Kant on Virtue

  • Nafsika Athanassoulis


Many recent commentators have appealed to The Doctrine of Virtue in order to illustrate that Kant should not be criticized for not taking concepts such as virtue and character into account in his moral theory. It is indeed wrong to accuse Kant of ignoring virtue and character, but it is also wrong to assume that when Kant discussed virtue and character, and when Aristotle discussed virtue and character they were necessarily talking about the same thing. The quotes referred to in the previous chapter already hint at a radically different concept of virtue from the Aristotelian picture of gradual development and eventual harmony between the right reason and the right desire. It is important therefore to say a bit more about Kantian virtue. In doing so we will also consider whether Kantian virtue differs from Aristotelian virtue and, in part, whether Kant occasionally misinterprets Aristotle on virtue.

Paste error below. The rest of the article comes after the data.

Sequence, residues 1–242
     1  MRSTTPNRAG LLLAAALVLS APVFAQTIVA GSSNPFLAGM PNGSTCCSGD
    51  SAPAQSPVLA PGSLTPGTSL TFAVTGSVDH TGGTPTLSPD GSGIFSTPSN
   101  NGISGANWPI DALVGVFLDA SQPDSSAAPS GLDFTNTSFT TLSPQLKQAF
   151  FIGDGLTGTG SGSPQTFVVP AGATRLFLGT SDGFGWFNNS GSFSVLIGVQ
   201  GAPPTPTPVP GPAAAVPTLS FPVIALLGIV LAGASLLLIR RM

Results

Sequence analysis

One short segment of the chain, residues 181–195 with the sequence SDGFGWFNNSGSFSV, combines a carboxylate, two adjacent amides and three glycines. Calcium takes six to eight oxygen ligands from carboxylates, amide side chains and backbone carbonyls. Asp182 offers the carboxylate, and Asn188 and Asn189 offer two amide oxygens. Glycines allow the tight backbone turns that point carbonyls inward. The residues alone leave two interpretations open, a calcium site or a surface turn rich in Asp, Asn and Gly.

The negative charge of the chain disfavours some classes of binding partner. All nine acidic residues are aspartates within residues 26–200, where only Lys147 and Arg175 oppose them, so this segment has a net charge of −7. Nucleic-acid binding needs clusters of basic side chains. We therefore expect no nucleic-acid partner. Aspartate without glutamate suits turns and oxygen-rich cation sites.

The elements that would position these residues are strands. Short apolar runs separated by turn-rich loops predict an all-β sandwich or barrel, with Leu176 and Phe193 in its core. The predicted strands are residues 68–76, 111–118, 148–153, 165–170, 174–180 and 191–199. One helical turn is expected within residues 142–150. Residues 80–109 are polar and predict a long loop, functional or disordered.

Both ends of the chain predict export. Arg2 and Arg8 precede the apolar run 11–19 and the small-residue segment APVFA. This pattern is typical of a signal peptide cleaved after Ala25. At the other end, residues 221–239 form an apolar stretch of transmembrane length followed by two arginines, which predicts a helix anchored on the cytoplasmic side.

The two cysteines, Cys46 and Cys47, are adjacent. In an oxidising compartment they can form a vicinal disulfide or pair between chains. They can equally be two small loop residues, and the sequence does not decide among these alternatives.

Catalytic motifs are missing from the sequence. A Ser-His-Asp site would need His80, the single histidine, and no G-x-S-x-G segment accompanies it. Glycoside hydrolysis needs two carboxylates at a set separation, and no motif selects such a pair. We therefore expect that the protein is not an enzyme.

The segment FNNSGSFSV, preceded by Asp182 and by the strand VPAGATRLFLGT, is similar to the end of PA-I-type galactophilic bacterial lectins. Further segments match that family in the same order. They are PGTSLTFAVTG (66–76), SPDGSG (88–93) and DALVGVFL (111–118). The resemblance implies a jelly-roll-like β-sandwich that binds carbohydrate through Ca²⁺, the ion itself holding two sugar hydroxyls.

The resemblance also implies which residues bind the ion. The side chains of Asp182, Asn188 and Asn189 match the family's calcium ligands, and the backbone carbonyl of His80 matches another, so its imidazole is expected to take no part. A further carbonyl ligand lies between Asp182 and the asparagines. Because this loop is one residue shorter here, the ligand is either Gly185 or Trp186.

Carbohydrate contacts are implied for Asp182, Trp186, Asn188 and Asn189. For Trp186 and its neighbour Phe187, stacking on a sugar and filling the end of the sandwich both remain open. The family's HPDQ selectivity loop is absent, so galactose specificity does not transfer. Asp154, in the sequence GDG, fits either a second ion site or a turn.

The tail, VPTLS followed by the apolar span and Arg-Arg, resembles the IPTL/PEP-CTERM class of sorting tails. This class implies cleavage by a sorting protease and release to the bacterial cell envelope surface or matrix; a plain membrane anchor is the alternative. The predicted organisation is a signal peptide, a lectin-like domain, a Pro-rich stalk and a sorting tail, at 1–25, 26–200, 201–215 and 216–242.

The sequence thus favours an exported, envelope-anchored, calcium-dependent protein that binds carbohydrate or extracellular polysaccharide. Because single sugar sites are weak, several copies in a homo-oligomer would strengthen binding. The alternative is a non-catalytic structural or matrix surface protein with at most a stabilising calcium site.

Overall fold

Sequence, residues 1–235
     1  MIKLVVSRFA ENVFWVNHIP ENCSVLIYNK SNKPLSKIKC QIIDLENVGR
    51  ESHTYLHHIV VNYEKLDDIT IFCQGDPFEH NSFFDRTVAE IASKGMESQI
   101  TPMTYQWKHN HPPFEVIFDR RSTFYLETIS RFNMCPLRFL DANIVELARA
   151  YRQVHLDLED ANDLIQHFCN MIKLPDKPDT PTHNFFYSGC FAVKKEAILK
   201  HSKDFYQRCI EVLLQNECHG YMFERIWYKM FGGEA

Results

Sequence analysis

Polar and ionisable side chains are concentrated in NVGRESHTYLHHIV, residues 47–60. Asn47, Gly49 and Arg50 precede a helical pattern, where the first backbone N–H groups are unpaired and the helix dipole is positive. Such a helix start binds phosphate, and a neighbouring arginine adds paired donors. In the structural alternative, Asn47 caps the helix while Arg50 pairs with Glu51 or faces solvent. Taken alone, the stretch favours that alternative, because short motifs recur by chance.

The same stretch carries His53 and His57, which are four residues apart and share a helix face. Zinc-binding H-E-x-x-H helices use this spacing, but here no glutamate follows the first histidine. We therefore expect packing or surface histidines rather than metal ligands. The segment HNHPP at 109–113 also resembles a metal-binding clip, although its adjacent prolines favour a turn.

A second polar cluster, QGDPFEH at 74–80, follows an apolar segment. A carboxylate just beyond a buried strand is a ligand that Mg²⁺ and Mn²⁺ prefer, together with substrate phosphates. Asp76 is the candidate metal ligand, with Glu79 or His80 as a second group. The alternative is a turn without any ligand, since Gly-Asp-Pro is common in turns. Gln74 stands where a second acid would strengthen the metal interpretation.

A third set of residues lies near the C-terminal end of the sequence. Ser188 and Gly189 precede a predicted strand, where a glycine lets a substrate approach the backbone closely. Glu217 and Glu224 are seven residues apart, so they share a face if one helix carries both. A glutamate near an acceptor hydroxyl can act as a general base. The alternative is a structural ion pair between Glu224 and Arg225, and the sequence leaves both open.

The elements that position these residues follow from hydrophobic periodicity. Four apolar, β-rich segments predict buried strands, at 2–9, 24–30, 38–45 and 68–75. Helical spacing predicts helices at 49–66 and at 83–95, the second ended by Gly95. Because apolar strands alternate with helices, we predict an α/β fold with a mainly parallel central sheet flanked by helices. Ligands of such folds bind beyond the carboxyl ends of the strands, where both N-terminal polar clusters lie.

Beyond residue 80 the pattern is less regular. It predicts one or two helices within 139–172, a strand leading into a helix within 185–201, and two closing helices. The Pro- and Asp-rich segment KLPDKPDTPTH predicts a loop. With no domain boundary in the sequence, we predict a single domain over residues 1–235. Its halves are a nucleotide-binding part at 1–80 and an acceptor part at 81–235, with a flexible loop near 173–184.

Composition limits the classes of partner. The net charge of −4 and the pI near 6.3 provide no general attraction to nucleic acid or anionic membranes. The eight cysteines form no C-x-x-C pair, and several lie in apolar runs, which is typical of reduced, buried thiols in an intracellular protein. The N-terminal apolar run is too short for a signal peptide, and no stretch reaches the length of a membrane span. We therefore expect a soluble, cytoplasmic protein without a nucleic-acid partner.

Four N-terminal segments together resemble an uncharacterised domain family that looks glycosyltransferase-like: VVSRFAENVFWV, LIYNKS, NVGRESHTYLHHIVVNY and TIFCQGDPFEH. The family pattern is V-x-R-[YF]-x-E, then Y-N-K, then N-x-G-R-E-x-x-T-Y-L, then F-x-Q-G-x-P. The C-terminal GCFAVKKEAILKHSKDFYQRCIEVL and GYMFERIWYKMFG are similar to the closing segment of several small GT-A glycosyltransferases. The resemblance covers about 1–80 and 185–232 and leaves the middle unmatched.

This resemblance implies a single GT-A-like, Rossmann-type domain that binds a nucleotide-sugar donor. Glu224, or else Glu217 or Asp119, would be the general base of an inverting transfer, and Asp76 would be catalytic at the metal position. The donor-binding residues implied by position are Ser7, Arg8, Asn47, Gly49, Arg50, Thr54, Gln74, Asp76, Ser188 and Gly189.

Moral Worth Moral Luck Moral Feeling Aristotelian Virtue Empirical Character 
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  1. 40.
    Allison’s account of Gesinnung, and in particular (1990), p. 139.Google Scholar

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© Nafsika Athanassoulis 2005

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  • Nafsika Athanassoulis

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